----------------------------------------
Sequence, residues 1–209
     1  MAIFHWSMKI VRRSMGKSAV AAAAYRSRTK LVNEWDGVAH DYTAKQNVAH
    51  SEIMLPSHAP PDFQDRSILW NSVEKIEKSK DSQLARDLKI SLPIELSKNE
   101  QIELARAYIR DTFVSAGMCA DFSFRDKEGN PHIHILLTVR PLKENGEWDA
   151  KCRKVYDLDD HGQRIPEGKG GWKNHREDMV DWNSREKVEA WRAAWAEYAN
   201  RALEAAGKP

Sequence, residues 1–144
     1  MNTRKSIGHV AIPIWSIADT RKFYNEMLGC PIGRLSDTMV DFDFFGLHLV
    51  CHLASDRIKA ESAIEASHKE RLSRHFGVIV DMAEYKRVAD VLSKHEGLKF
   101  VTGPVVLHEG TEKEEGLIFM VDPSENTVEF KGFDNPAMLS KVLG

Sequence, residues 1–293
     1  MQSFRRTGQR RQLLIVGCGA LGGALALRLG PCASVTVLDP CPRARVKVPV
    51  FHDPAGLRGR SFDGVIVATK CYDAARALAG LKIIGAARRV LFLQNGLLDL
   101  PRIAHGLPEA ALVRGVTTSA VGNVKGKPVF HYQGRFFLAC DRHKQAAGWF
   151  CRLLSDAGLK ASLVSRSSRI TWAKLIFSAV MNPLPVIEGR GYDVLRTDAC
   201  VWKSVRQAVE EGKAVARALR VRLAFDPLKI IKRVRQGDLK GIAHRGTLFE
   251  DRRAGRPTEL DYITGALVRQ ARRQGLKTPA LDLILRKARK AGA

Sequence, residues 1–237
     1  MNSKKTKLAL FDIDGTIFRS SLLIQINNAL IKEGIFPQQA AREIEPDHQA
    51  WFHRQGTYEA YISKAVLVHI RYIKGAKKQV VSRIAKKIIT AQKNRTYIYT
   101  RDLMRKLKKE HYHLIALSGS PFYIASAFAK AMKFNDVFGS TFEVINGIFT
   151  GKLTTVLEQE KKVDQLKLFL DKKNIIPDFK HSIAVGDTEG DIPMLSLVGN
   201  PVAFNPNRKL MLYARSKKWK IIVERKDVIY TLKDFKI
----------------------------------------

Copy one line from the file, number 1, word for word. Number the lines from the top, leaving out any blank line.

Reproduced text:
Sequence, residues 1–209